PARIS—Biopharmaceutical company Onxeo, best known for pharmaceuticals designed to treat orphan diseases, particularly in oncology, has uncovered what it says is dramatic potential for its drug Beleodaq in combination with checkpoint inhibitors in treatment against tumor growth. The study found that when combined with checkpoint inhibitors in mice, Beleodaq caused a 100-percent cessation of tumor growth.
Beleodaq, the trade name for belinostat, was FDA-approved in 2014 as a second-line treatment for patients with peripheral T cell lymphoma, a rare and fast-growing type of non-Hodgkin’s lymphoma, based on its tumor response rate and duration of response. The drug works by inhibiting histone deacetylases, preventing the T cells from becoming cancerous.
In conjunction with the University of Navarra’s University Clinic and the Center for Applied Medical Research in Spain, Onxeo has been exploring the combination of various compounds, including PD-1 and CTLA-4 checkpoint inhibitors, with Beleodaq in order to assess the synergistic effects on the activation of the immune response in several types of solid tumors.
Preclinical studies were performed in an immune-competent mouse syngeneic hepatocellular carcinoma model, in which responses to a combination of Beleodaq and checkpoint inhibitors were compared to responses from treatment with checkpoint inhibitors alone.
“What makes these findings particularly exciting is the fact that all mice responded to the combination therapy,” says Dr. Graham Dixon, chief scientific officer of Onxeo. “Our team is impressed by the 100-percent cessation of tumor growth during treatment, especially because only 20 to 25 percent of mice respond favorably to the application of just checkpoint inhibitors.”
The tumor cessation effect continued for approximately one week after the final dose of belinostat was administered. This suggests that the researchers can continue to seek optimal dosage and scheduling to prolong the benefits of the therapy. In addition, this allows the team to explore clues as to which checkpoint inhibitors are best to combine in future directions.
The research has produced another key finding of interest to oncology treatment. Studies performed on the spleens of the mice demonstrated the generation of an underlying immune response that correlated with the observed therapeutic effect of the combination treatment, showing an increase in production of interleukines (chemical messengers that control cell migration and activation) by activated T cells and a decrease in the number of regulatory T cells, when compared to mice treated only with checkpoint inhibitors.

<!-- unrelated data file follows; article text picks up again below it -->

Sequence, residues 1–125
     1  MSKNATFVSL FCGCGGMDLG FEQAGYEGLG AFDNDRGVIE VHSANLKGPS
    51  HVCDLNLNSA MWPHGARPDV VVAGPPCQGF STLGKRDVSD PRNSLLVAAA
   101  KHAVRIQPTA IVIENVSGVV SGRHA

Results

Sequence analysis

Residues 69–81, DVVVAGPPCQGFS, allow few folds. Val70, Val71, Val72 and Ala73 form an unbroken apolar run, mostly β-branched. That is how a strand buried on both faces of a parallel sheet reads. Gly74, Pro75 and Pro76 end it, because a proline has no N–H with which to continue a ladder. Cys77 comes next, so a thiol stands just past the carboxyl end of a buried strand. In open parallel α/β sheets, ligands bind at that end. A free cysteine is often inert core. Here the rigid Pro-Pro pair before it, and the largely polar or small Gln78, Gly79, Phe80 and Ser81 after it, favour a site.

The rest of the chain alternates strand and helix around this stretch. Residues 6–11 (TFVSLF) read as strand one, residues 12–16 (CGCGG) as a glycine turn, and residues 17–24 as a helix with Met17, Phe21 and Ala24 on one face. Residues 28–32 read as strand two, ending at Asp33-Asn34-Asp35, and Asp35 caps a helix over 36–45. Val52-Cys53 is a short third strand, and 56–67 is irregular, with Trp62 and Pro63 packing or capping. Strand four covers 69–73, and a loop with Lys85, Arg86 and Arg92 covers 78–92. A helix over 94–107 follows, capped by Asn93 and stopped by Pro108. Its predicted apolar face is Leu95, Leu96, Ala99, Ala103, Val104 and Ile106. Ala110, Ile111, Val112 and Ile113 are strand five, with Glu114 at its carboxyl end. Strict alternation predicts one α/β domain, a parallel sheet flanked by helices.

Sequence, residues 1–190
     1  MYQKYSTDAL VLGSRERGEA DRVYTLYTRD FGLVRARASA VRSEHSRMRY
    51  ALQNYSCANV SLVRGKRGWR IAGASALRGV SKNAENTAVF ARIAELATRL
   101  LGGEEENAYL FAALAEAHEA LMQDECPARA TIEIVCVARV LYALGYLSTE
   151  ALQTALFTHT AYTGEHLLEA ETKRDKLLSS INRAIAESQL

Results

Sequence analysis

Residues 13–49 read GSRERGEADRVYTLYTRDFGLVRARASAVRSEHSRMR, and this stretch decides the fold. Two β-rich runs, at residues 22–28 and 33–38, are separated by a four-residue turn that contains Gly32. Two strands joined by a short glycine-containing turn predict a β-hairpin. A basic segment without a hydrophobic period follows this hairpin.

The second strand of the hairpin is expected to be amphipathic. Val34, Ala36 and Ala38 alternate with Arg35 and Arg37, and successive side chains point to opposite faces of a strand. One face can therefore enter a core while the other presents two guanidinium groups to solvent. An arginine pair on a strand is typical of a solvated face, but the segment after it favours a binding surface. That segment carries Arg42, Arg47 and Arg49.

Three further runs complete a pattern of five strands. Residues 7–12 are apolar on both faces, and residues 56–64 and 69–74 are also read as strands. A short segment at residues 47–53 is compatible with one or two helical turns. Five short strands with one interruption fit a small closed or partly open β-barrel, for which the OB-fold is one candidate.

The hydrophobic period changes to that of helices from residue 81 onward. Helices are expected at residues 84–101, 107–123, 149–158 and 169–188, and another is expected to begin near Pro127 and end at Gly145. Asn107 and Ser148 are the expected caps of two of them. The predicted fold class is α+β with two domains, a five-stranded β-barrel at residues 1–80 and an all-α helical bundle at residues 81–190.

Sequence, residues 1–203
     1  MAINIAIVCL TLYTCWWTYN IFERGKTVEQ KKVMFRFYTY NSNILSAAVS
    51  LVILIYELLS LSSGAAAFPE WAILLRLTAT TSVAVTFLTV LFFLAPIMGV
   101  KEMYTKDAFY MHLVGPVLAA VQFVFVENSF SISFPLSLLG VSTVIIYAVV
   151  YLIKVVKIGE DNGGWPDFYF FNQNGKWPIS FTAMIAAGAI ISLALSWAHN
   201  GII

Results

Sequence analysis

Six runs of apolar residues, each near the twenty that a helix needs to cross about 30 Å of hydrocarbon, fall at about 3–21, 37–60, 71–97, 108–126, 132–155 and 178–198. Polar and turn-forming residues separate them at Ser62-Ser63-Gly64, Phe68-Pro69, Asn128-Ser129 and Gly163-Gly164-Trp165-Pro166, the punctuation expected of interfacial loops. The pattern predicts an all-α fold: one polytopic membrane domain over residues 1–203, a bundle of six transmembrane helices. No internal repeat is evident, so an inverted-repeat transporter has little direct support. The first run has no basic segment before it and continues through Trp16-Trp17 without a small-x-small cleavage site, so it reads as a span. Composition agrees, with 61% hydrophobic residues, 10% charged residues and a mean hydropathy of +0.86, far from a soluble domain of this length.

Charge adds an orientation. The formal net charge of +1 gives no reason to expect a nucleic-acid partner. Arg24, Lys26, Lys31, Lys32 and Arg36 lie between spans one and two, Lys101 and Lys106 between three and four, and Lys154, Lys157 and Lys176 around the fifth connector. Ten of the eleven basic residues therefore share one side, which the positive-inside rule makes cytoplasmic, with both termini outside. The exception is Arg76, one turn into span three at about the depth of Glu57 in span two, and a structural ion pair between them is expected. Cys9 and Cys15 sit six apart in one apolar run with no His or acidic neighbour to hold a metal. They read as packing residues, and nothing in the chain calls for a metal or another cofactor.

“Our ability to measure the increase and decrease in T cells resulted in a deeper understanding at a mechanistic level of the inflammatory response, adding evidence to what we already know about the benefits of the combination therapy,” says Onxeo CEO Judith Greciet.
In the next step of the collaboration with University of Navarro experts Prof. Bruno Sangro and Dr. Pablo Sarobe, Onxeo will conduct follow-up studies to explore the product's potential with other cancer agents in specific cytotoxic cancers. “We [seek to] fully characterize these preclinical findings demonstrating the potential of Beleodaq in combination with checkpoint inhibitors in various tumor indications, and in particular, [we] are evaluating the immune response in the tumor microenvironment in order to improve the translation of the response into human patients,” says Dixon.
Onxeo specializes in the development of innovative drugs for the treatment of orphan diseases, driven by high therapeutic demand in one of the fastest growing segments of the pharmaceutical industry. Beleodaq joins its orphan oncology pipeline, which also includes Livatag, in Phase 3 trials for the treatment of hepatocellular carcinoma; AsiDNA, which has successfully undergone a proof-of-concept Phase 1 trial to treat metastatic melanoma; and Validive, currently in Phase 2 trials to treat head-and-neck cancer patients with severe oral mucositis.